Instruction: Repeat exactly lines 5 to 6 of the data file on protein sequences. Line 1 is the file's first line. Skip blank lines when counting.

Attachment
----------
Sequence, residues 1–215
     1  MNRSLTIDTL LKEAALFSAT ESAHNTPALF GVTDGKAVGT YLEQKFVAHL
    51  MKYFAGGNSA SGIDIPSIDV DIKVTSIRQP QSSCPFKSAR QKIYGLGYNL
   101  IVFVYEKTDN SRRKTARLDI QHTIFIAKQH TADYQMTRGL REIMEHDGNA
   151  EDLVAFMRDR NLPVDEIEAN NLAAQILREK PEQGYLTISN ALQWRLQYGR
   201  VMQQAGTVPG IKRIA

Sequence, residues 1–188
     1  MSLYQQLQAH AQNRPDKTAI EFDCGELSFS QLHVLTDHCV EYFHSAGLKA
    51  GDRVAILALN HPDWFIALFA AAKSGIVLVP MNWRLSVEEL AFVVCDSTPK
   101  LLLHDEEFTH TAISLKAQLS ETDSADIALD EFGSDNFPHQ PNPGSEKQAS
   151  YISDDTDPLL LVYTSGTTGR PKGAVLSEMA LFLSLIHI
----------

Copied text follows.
   151  EDLVAFMRDR NLPVDEIEAN NLAAQILREK PEQGYLTISN ALQWRLQYGR
   201  VMQQAGTVPG IKRIA